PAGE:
The Washington Post Fact Checker squad sent Rep. Liz Cheney a nasty valentine on February 14, throwing a Three Pinocchios flag for speculation that the Democrats want to outlaw plane travel and cars.
This is why people criticize self-appointed Guardians of Fact. First, they imply that speculating about the future your opponents are proposing -- in this case, abandoning fossil fuels before there's an obvious feasible alternative -- is somehow lying.
We might joke that by this standard, the Trump-bashing slogan "Democracy dies in darkness" earns Four Pinocchios. Did Trump propose the death of democracy?
And second, fact-checkers generally can't help but clumsily apply a liberal bias in deciding who gets "Pinocchios" and who is "Pants on Fire." On the same Green New Deal documents, the Post's fact police gave Cheney a ticket and gave Alexandria Ocasio-Cortez a Get Out of Fact Jail Free card. In that case, just three days before flagging Cheney, Rizzo proclaimed "we won't be awarding any Pinocchios in this kerfuffle" -- even as he admitted Ocasio-Cortez misled the public.
Here's a video of Liz Cheney asking witnesses how precisely we should ban air travel in the next ten years:
Here's the Cheney passage that offended Rizzo, at the video's end:
“I would just say that it’s going to be crucially important for us to recognize and understand when we outlaw plane travel, we outlaw gasoline, we outlaw cars, I think actually probably the entire U.S. military, because of the Green New Deal, that we are able to explain to our constituents and to people all across this country what that really means. And even when it comes down to something like air travel, which the FAQs say they want to eliminate within the next 10 years, that means the government is going to be telling people where they can fly to and where they can’t. And I would assume, I guess, that means our colleagues from California are going to be riding their bicycles back home to their constituents.”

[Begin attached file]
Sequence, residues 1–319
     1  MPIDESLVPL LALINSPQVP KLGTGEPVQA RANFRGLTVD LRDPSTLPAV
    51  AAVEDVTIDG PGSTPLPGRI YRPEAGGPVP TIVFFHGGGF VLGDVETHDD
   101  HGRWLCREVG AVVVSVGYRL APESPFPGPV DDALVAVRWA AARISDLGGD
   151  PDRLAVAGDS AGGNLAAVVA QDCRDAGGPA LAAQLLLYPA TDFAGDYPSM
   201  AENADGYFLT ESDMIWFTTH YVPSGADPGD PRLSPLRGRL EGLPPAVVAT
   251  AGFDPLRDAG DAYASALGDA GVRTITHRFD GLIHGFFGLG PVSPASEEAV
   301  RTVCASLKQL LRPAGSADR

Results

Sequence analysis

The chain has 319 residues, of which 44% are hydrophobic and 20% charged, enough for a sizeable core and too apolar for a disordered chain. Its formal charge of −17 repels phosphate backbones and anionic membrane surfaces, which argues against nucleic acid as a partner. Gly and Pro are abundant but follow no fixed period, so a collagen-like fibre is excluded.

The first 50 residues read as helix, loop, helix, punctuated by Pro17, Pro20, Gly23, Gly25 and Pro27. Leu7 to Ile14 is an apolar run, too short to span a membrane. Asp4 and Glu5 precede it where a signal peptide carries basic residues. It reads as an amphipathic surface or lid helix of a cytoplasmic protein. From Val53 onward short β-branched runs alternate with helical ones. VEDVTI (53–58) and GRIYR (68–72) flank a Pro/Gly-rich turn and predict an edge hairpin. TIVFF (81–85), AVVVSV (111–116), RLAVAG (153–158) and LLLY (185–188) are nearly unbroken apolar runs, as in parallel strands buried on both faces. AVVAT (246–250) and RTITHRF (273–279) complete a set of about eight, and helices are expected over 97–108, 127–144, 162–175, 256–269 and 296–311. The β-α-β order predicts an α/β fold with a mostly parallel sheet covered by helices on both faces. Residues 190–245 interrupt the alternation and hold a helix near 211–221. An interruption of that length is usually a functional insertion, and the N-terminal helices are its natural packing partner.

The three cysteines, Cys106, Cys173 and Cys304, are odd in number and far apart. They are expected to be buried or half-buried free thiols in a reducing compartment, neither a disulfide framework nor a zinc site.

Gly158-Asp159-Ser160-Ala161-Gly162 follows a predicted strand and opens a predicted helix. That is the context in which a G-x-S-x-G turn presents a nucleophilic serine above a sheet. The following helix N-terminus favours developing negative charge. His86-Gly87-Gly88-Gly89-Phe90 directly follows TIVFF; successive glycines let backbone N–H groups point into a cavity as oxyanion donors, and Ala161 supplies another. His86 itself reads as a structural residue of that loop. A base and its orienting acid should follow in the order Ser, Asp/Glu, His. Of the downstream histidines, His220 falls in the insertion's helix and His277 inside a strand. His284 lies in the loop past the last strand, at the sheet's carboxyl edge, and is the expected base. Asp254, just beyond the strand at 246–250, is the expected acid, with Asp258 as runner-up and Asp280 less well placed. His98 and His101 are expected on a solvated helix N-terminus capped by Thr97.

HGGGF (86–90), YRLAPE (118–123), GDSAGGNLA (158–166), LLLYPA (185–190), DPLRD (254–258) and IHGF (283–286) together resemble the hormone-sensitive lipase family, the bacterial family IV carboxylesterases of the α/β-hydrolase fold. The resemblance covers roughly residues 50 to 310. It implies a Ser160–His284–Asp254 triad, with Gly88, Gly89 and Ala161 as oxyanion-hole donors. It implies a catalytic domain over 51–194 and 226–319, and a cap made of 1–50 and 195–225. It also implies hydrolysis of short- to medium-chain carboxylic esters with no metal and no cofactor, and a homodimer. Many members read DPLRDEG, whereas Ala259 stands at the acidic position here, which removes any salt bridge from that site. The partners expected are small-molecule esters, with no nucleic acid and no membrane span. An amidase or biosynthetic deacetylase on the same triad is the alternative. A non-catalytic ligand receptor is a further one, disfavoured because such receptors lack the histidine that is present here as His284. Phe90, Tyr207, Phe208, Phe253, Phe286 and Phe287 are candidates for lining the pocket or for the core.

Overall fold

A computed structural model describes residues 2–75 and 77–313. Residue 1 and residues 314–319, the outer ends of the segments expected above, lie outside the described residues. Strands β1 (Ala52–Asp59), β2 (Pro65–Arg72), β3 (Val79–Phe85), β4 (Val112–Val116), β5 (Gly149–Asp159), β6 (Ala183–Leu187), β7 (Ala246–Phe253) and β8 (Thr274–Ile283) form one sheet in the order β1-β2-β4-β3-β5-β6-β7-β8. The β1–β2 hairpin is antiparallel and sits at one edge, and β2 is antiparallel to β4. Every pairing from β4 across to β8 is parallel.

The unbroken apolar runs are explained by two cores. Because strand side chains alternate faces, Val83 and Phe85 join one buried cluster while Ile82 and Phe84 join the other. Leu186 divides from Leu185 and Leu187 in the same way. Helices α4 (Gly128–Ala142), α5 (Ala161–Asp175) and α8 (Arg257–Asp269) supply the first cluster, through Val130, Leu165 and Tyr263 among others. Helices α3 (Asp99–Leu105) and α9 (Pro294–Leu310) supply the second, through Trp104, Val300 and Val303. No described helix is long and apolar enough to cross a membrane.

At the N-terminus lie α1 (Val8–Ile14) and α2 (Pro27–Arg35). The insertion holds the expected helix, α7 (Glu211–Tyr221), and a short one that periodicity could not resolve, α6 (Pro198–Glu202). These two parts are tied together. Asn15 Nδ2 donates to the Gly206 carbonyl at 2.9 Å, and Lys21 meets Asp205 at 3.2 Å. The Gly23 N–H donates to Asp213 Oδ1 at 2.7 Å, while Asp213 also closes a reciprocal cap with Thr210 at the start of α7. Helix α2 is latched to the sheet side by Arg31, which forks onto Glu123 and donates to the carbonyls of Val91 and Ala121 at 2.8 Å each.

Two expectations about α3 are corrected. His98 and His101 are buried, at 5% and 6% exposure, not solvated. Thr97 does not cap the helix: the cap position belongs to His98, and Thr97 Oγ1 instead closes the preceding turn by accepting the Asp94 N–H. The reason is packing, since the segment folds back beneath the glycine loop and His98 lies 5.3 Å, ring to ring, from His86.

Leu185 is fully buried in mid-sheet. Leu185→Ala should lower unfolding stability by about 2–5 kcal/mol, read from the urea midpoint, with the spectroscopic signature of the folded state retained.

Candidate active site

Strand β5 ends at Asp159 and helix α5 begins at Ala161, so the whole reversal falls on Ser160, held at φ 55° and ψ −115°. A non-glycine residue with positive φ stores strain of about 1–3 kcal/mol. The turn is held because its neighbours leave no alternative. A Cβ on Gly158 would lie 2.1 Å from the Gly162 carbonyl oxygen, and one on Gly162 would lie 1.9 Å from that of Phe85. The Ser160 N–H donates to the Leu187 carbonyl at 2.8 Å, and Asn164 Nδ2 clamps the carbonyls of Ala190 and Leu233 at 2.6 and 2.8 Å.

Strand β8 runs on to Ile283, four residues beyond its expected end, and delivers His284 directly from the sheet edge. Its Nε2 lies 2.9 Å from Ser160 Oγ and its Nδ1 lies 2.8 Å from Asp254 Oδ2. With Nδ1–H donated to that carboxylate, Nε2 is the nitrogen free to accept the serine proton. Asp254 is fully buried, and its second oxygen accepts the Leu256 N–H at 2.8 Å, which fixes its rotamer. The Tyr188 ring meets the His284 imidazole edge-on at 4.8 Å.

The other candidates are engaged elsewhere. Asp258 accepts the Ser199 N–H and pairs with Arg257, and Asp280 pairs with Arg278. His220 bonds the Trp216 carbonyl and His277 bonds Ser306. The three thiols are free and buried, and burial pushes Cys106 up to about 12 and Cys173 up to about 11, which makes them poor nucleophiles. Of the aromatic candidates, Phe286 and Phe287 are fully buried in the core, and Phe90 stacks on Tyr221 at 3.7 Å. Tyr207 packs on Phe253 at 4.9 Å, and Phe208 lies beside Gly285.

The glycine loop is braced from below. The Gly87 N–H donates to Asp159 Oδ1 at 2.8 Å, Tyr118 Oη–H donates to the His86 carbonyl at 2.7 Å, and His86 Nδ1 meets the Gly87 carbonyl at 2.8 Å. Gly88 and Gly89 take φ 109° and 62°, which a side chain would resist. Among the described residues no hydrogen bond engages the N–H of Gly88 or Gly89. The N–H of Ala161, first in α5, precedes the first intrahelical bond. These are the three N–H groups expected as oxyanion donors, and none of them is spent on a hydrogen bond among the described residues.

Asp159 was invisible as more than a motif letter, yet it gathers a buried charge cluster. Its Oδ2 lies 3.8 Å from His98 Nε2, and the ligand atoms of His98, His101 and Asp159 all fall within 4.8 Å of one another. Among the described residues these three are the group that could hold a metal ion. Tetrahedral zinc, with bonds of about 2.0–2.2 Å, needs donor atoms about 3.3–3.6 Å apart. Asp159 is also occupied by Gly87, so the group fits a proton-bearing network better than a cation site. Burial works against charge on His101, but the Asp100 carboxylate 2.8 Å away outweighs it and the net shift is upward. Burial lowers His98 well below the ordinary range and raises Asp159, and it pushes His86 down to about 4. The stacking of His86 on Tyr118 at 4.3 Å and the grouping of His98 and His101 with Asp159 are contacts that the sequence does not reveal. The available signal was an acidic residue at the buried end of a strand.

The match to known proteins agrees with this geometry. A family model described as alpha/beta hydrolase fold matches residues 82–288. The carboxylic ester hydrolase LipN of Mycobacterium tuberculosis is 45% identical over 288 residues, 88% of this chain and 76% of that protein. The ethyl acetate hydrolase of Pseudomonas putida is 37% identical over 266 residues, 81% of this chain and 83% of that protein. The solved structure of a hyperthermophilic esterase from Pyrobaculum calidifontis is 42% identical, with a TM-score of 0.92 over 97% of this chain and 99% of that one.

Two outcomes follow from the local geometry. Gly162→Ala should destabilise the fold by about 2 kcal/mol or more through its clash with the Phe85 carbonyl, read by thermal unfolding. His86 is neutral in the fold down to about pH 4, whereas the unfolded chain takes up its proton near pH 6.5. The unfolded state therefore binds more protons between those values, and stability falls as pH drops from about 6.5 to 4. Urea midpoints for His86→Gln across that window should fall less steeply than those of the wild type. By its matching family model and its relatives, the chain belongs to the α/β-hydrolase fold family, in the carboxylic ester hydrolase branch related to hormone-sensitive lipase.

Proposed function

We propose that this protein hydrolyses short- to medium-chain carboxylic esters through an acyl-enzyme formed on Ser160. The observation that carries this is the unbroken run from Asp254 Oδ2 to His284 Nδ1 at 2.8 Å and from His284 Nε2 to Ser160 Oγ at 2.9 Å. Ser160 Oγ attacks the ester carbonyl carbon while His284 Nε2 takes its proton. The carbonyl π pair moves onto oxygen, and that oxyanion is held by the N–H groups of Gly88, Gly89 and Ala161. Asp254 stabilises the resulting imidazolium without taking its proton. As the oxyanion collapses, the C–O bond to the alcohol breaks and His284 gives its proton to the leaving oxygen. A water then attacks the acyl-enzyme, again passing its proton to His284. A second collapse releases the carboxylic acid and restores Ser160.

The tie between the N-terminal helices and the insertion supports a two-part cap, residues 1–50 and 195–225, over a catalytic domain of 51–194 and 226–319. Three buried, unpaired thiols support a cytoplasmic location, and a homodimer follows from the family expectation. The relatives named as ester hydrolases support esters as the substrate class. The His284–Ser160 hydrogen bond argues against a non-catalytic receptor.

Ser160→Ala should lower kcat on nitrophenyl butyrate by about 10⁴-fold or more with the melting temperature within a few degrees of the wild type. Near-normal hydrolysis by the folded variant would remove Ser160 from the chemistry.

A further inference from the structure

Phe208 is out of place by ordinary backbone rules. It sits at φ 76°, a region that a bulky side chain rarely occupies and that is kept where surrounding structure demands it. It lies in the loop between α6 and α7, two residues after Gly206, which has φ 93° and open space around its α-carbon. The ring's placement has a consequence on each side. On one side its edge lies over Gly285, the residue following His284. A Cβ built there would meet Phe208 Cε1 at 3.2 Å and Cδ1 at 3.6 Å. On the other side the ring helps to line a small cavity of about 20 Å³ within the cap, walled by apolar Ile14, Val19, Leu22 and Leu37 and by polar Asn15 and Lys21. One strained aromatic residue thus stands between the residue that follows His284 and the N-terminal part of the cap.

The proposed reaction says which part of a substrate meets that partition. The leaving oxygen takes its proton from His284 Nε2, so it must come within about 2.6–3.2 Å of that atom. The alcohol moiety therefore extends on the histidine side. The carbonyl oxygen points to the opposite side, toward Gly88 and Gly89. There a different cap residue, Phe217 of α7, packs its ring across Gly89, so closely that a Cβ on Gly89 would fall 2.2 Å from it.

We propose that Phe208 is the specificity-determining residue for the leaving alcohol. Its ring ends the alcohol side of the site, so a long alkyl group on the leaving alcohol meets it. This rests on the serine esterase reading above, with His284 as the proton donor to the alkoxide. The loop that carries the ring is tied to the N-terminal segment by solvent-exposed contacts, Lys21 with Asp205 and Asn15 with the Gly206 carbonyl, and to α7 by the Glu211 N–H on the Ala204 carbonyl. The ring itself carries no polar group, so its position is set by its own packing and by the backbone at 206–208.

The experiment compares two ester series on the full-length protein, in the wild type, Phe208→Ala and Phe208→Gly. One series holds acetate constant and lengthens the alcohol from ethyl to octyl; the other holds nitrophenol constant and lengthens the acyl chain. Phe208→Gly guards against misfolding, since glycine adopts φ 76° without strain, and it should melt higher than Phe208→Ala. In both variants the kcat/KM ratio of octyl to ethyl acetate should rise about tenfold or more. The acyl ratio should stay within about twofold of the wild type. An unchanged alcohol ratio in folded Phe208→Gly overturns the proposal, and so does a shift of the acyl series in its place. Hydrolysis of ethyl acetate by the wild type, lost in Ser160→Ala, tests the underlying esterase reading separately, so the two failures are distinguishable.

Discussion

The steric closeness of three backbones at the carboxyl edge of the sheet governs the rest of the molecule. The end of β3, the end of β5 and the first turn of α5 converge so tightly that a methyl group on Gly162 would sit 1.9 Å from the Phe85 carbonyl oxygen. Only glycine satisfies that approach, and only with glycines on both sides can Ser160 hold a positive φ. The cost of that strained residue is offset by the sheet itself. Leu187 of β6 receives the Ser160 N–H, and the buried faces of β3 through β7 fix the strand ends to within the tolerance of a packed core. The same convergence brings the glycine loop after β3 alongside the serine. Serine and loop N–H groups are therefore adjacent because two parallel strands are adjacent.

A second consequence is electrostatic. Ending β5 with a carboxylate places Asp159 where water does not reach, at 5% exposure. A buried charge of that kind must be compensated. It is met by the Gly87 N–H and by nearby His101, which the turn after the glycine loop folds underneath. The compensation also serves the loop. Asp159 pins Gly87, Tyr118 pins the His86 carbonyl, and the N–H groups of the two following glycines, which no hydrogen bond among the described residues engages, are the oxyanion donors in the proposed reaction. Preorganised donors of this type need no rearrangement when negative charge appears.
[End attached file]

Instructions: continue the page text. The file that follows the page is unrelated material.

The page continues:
This is how Rizzo issued his judgment, which underlines that she was "conjuring" or speculating or spinning, and then plays games with how this is a "lie" because the "resolution has no teeth." Think of many thinks Donald Trump has said -- especially about the press -- that have no teeth.
Cheney conjured up an apocalyptic vision of life under the Green New Deal: Outlawed cars, outlawed gasoline, outlawed plane travel and even possibly no military and a roster of “vacation commissars.” Even allowing for political rhetoric, there’s very little to support these claims.
In reality, the Green New Deal resolution has no teeth and wouldn’t become law if it passed. So these claims are based on a retracted FAQ about a nonbinding resolution. In these documents, proponents of the Green New Deal mused about ending air travel and stopping cows from passing gas. Problematic as those lines were, none made it into the resolution.
Moreover, the FAQ was discarded days before Cheney brought it up at a House hearing to raise the specter of some government bureaucrat deciding whether you can board a flight. There’s nothing like this at all in the plan, not in the resolution and not in the retracted FAQs.
Cheney goes further than many of her Republican peers and earns Three Pinocchios. We were tempted to make it Four Pinocchios, given Cheney’s line about “vacation commissars,” but the ineptitude of the Ocasio-Cortez staff certainly gave Republicans a lot of material for these attacks.
In other words, it's only fair to blame Ocasio-Cortez for a minus-one Pinocchio, since they couldn't give her any of her own on this subject.
We have rated this Washington Post "fact check" as Deeply Distorted. For similar analyses, please visit our Fact-Checking the Fact-Checkers site.